Yum Creative


Lost Irish Women

Lost Irish Women of the Goldfields

Finding women’s stories is a challenge. History often records women in relation to men, as daughters, mothers, and wives. The Ballarat District Irish Association is launching a new project, funded by Public Records Office Victoria, to highlight the contribution of Irish women to Ballarat’s social, cultural, and industrial development. The project will culminate in a short film that interprets the research findings. The misconception that no women lived on the Victorian goldfields has been successfully challenged by historians in recent years. However, there remains a longing among current-day Irish descendants to better understand their own cultural heritage. Bolstered by the considerable resources available since the democratization of historical records, the project hopes to uncover individual identities of women, using a range of family and archival sources. The project will culminate in a short film that interprets the research findings.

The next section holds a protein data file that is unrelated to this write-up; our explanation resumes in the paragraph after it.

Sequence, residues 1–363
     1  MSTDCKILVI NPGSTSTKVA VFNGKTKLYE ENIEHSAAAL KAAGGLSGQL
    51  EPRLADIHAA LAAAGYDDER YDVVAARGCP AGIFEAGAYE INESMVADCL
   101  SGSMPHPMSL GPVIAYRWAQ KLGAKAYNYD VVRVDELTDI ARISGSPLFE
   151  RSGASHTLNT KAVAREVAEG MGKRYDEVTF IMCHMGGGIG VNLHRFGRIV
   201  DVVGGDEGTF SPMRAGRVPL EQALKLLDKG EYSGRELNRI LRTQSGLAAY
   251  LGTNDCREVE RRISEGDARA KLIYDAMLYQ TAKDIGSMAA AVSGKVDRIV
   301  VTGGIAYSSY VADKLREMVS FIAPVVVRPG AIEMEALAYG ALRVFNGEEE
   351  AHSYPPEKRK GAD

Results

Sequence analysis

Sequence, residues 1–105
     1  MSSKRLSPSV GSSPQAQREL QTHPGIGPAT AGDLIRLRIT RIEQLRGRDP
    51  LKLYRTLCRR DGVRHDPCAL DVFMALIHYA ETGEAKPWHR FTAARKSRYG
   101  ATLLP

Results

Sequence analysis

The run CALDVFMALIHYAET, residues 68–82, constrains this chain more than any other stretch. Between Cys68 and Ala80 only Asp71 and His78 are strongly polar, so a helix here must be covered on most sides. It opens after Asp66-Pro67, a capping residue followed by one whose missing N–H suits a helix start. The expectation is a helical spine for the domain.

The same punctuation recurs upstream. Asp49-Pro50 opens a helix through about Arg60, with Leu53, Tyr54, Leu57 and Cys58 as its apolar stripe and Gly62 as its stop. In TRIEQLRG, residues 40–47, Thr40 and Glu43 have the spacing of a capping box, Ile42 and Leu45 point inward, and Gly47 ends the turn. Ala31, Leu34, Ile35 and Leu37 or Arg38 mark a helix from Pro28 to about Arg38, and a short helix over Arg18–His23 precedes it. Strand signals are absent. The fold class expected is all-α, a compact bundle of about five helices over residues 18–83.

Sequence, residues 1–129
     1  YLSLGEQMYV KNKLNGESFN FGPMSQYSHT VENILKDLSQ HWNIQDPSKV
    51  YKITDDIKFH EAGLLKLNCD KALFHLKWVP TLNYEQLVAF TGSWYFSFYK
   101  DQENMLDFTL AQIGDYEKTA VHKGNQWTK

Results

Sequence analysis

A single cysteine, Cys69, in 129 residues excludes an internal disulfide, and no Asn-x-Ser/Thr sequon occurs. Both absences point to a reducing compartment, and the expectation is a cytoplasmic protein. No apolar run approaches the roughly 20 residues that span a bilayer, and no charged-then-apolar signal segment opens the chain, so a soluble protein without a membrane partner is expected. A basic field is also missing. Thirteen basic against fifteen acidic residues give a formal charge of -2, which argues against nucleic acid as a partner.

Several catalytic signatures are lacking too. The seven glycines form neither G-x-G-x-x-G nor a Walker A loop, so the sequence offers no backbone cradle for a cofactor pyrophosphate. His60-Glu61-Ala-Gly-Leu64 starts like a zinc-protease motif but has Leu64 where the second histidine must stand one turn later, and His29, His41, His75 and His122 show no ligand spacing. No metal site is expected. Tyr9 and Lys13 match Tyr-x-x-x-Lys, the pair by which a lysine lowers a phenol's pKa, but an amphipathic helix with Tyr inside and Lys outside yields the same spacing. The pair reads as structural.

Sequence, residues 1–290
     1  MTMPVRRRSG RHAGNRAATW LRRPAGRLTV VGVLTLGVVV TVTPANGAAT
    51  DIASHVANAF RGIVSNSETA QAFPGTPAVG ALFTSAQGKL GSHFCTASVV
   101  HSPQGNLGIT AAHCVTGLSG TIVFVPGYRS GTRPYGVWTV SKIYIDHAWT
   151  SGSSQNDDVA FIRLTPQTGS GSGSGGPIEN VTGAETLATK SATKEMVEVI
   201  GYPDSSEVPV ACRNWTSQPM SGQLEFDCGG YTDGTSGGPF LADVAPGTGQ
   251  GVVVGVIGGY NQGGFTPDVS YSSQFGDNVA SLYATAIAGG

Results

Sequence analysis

Lucy Bracey, Historian, Way Back When will be researching nine women and locating photographs. Erin McCuskey, Creative Director, Yum Studio will be producing a short film from the resulting research. The project is funded by the Public Records Office of Victoria (PROV) through the leadership of the Ballarat and District Irish Association (BDIA). Please subscribe to the BDIA newsletter for news and how to be involved. And if you have an Irish story to share with the project please email Lucy Bracey <[email protected]>

The project was launched at the Eureka Centre Ballarat (video available there shortly) for the Ballarat Heritage Festival.

Featured Image: Topsy Turvey or our Antipodes by John Leech 1853, courtesy of State Library of Victoria

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